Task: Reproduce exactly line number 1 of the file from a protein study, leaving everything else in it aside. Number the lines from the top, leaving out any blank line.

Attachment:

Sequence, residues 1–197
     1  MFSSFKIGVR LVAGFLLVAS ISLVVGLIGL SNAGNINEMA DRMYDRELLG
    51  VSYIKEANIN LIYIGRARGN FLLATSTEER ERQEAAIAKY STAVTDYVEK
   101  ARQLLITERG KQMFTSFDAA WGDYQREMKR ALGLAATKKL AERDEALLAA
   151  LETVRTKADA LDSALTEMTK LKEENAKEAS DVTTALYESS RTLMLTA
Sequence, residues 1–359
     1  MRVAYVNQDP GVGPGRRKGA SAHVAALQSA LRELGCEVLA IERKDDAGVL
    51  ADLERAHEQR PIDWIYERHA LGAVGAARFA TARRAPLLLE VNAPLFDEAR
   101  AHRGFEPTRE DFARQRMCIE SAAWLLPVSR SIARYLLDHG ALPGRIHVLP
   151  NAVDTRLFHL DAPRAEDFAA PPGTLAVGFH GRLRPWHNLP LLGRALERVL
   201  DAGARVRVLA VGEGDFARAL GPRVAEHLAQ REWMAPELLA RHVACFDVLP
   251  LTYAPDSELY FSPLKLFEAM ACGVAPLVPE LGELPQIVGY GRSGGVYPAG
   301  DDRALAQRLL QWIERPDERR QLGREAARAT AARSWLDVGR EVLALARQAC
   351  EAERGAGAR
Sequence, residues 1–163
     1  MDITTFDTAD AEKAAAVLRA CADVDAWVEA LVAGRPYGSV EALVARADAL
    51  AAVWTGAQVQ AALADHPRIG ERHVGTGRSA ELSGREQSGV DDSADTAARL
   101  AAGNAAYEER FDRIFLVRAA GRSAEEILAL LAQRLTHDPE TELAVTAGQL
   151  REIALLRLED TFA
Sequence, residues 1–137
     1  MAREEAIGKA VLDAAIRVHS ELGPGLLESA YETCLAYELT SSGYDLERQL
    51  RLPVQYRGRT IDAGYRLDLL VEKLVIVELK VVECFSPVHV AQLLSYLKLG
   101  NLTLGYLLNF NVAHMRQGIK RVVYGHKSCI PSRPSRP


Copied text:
Sequence, residues 1–197